Bowhunting Public Land by Boat

A boat is the secret weapon for many successful public-land bowhunters. A boat is great for accessing some of the more remote areas of public land. It’s also perfect for accessing stands silently and scent-free.

 

Sometimes, whitetail deer are around easily accessed areas. When using a boat, you can access the back side of the area, and keep from alerting deer of your presence. This allows you to hunt pressured deer by delivering you and your hunting equipment away from where other deer hunters access the area. By hunting these areas and accessing them by boat, you can take advantage of other hunters pushing deer to you.

 

Using a boat is a great way to access areas that get little or no pressure throughout the season. I have actually located areas that seem to have whitetail deer that haven’t been pressured at all. These deer will move throughout the day, and boat-access locales are perfect stand locations for public land bowhunters. These areas can offer many days of good hunting as long as good scent control is adhered to, and the location is only hunted when the wind is right.

 

Using a boat can open up more opportunities for your hunt. Sometimes, especially when the weather is warm and you know that the deer have bedded for the day, you can take a run-and-rattle approach to your hunt. The run-and-rattle technique is not only a great way to bag a good buck, but it’s also a way to locate other stand locations.

 

Search new areas by beaching your boat and quietly entering the woods’ edge. Once in position, use either natural cover to conceal your movements, or carry your own blind setup. You can use bungee cords and/or rope to hold leafy material stretched between two trees.

 

There might be times when you want to hunt from your treestand. This will slow down your midday run-and-rattle plan. However, if you enter the tree line and see scrapes and rubs all around, you might want to spend a little more time in this location, and a treestand is your best bet for harvesting a whitetail with a bow. You could also mark the spot as a place to hang a stand, and return later for a more traditional stand hunt.

 

Once you are set up just inside the tree line, start your rattling with a very light, sparring sequence of about 5 seconds. A buck could be bedded very close, so don’t overdo that first sequence. Being too aggressive initially could send that bedded buck into the next county. Of course, aggressive rattling could bring him to you on a string, but why take a chance when a light sparring sequence could bring him in, and is less likely to spook him?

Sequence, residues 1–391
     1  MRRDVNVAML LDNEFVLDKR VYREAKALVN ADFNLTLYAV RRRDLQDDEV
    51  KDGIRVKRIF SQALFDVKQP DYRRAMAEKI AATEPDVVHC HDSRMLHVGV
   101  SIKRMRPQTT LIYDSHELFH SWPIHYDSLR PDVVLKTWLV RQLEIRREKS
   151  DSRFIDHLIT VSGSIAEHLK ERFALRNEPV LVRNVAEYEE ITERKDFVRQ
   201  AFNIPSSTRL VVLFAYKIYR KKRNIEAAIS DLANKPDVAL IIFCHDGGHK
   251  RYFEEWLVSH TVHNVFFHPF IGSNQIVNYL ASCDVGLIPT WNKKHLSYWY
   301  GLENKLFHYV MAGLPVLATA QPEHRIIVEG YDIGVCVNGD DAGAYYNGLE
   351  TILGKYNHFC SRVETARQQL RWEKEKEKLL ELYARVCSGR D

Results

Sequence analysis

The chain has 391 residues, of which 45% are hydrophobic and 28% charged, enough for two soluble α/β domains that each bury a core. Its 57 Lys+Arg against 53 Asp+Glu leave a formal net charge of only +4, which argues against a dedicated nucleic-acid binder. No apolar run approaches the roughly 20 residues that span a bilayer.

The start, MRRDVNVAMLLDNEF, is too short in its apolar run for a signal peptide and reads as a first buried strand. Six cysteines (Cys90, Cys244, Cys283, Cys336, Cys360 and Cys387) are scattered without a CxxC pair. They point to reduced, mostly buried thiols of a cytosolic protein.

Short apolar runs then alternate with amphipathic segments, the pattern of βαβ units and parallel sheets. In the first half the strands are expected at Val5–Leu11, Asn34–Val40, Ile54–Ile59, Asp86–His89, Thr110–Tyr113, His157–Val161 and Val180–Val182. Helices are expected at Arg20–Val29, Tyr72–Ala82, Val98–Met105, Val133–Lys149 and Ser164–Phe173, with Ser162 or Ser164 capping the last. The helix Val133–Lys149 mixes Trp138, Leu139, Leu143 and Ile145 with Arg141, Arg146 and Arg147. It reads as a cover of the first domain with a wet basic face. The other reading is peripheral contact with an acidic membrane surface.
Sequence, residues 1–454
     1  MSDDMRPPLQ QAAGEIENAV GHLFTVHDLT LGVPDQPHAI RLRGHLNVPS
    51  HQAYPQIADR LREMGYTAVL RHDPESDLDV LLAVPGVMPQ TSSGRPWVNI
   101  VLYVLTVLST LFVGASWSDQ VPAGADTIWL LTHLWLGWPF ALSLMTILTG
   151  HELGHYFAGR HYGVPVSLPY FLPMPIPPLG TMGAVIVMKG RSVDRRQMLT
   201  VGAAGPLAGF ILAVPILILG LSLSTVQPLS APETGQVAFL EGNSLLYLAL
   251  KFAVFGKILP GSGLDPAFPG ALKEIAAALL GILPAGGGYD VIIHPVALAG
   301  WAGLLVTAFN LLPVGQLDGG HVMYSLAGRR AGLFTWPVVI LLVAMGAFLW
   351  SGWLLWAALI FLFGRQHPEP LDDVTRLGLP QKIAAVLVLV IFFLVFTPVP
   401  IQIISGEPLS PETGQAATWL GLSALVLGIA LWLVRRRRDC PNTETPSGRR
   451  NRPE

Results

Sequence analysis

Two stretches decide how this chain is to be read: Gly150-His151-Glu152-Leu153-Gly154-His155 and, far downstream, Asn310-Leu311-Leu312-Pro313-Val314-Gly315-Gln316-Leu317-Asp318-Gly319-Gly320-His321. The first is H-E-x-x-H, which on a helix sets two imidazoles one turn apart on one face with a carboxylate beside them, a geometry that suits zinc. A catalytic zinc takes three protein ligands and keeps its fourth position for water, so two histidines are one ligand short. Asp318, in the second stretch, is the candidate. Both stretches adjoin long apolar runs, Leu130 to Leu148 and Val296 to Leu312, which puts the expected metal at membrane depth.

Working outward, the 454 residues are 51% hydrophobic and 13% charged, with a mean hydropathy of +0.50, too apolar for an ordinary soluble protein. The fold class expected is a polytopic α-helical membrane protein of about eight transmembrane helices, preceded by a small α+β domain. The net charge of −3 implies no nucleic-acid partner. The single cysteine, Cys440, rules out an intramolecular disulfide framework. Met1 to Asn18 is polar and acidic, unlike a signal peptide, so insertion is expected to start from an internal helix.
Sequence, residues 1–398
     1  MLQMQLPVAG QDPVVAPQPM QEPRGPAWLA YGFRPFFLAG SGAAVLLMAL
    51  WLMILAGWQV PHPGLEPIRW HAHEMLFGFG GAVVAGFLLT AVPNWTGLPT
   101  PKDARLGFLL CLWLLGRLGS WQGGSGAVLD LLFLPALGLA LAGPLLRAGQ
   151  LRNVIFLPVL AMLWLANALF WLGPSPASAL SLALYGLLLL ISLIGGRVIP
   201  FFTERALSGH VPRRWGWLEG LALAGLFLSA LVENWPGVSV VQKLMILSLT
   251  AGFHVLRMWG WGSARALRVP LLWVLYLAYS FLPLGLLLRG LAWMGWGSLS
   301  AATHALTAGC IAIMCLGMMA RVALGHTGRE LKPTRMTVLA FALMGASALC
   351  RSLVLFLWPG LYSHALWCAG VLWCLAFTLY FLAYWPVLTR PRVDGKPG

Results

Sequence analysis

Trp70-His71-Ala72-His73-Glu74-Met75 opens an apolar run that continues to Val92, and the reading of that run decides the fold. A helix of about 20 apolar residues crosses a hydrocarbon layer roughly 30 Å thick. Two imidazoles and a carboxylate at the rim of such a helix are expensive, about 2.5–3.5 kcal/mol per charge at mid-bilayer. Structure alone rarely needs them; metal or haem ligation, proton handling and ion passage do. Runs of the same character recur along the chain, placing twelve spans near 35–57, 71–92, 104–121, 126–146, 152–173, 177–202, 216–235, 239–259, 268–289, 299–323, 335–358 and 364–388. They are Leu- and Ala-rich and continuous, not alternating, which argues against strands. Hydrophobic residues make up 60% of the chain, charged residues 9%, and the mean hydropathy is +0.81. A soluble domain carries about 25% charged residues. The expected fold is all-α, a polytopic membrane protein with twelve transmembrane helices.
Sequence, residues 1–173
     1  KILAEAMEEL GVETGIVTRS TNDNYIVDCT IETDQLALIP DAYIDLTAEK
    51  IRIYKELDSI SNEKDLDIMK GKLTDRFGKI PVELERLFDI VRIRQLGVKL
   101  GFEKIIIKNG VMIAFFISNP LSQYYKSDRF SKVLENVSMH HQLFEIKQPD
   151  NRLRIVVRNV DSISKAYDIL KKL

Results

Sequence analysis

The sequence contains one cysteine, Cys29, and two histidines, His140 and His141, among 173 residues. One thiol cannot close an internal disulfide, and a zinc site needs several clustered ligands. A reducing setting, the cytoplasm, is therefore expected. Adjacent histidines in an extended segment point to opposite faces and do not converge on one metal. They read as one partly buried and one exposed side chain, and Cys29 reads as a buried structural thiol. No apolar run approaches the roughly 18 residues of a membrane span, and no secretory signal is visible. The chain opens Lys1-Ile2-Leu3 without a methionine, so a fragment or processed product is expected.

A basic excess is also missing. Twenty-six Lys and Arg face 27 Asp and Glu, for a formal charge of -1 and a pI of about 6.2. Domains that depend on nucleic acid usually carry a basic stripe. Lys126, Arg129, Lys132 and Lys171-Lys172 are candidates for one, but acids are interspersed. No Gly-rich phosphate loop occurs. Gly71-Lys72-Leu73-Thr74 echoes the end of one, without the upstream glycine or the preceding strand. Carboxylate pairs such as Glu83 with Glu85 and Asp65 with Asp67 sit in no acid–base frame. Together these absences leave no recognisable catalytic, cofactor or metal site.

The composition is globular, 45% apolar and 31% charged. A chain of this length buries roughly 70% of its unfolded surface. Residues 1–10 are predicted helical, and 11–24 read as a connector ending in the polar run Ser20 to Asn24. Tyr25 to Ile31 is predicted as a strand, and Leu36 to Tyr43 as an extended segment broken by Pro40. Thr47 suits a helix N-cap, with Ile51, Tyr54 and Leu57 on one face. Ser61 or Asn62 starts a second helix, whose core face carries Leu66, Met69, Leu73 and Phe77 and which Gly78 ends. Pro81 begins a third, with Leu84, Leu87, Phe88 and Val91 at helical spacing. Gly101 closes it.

The advantage of the run-and-rattle technique is covering ground. With the boat, you can hunt several areas during that midday lull. With this in mind, your rattling sequence should be short, so the time between that initial sparring sequence and a more aggressive rattle sequence might only be 5 minutes. If the sparring sequence didn’t produce any action, then get aggressive. And get ready, as an aggressive buck can quickly be on top of you. He will be hunting you, so be careful with your movements, especially if you are on the ground.

 

Hide behind a large tree if one is available. Your rattling session in a particular spot should only last 10 to 15 minutes. If the area has a lot of sign, then sit a little longer. This type of hunting locates those aggressive bucks that might present you with a shot, while you wait for prime time to hunt your stand locations. If you spend too much time in one spot, you defeat the purpose of hunting several spots, so keep moving.

 

This technique is not an easy, one but can be exciting. Buck sightings are common; getting a shot is another story. But your chances for arrowing a buck with the run-and-rattle technique far outweighs your chances while napping back at camp.

 

Using a boat for public land bowhunting is a great way to hunt less-pressured areas. A boat can also work great on private land where navigable waterways are available.

 

There are many opportunities out there for the boat deer hunter. Once you experience the effectiveness of hunting by boat, you will begin to look for areas that allow its use. Whether setting up stand locations away from the crowds, or running and rattling for hidden whitetail bucks in your area, a boat is your answer. It can add another dimension to your deer hunting strategy this season. Remember to pack a sandwich, and good hunting.